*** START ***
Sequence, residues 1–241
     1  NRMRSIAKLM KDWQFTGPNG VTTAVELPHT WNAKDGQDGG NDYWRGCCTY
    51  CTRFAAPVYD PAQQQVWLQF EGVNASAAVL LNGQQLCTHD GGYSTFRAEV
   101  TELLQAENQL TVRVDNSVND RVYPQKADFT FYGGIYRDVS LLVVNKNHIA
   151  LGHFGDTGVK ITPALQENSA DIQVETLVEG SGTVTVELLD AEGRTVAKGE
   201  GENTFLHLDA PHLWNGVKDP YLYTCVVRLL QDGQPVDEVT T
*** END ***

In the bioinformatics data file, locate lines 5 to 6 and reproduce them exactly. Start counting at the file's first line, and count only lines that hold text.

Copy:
   151  LGHFGDTGVK ITPALQENSA DIQVETLVEG SGTVTVELLD AEGRTVAKGE
   201  GENTFLHLDA PHLWNGVKDP YLYTCVVRLL QDGQPVDEVT T